I know a lot of non-native-english-speakers (including myself) who use the word "actually" very often.

What are alternative words to use instead of the word "actually"?

My other favorite is "obviously".

I guess what am I looking for is some keywords to use while connecting the sentences.

Some examples:

  • Actually, I'm just asking to know.
  • Actually, I don't think that it's true.
  • Actually, he was so kind to me.
  • Actually, I'm not sure.
  • Actually, that was what I thought.
  • 1
    Some examples how you use these words would be helpful. Often they are just lead-in words (my term). Such words do not really add any meaning, but make the statement following them less abrupt. They aren't conjunctions, so they are not really connecting anything. – user3169 Aug 19 '15 at 2:43
  • Yeah, you're right! That's exactly what they are. "Lead-in words" title fits on them, I think. So my question can also be asked as "what are some good lead-in words?" :) They are kind of decorative words rather than being meaningful. – scaryguy Aug 19 '15 at 2:46
  • I updated the question – scaryguy Aug 19 '15 at 2:48
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    In fact. In point of fact. To tell the truth. You know what? W e l l . . . Ah! Hmmm. How shall I put it? I must tell you. I have to admit. I've been toying with the notion that. – StoneyB on hiatus Aug 19 '15 at 2:54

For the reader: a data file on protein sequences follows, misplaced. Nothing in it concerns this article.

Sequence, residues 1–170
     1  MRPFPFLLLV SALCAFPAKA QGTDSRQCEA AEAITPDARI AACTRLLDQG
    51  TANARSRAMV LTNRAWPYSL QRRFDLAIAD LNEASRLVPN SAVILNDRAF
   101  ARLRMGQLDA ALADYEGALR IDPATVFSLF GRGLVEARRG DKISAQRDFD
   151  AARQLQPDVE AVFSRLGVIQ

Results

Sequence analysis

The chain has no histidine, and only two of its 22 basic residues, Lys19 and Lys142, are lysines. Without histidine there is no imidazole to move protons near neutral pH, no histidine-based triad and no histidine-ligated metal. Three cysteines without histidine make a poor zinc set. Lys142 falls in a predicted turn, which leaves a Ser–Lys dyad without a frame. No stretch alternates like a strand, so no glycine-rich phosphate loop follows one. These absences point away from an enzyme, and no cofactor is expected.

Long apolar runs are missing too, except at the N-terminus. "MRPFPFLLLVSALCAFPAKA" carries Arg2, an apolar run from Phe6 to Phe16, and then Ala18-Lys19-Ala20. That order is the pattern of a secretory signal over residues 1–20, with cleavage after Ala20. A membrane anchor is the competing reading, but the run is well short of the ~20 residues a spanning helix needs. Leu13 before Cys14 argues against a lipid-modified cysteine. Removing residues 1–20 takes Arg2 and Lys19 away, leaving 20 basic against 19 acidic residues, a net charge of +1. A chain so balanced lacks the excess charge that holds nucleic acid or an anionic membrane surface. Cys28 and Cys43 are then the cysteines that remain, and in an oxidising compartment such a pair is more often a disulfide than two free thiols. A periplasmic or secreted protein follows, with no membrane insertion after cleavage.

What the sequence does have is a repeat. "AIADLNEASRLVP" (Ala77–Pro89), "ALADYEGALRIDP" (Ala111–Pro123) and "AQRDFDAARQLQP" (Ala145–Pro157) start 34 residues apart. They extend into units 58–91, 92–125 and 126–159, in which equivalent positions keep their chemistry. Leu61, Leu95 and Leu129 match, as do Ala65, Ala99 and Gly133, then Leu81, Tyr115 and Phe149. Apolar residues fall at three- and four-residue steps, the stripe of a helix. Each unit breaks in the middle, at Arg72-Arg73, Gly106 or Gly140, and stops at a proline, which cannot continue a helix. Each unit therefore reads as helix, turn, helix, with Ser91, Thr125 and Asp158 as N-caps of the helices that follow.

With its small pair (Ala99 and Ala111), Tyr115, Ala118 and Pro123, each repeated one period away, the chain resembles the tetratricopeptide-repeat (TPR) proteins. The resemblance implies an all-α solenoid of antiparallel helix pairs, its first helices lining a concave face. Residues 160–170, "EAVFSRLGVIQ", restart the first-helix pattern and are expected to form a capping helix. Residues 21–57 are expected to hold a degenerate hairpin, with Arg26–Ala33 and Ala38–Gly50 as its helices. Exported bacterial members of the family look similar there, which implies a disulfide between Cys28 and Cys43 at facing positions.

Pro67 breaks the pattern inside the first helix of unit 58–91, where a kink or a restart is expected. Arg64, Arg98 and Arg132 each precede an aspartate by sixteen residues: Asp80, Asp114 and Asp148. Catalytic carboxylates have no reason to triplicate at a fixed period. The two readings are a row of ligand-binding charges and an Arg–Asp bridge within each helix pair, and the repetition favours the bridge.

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    @StoneyB, those sound good! Why don't you just add this as an answer? – scaryguy Aug 19 '15 at 2:55

@StoneyB gave some good examples.

I will expand upon it by saying that "Acutally" as a lead-in word is not always appropriate and can be misleading or confusing. You should generally only use "actually" when you are contradicting or negating something that was previously said.

A: "I thought that person was very rude."
B: "Actually, he was very kind to me."

A: "The capital of Germany is Frankfurt."
B: "Actually, the capital of Germany is Berlin."

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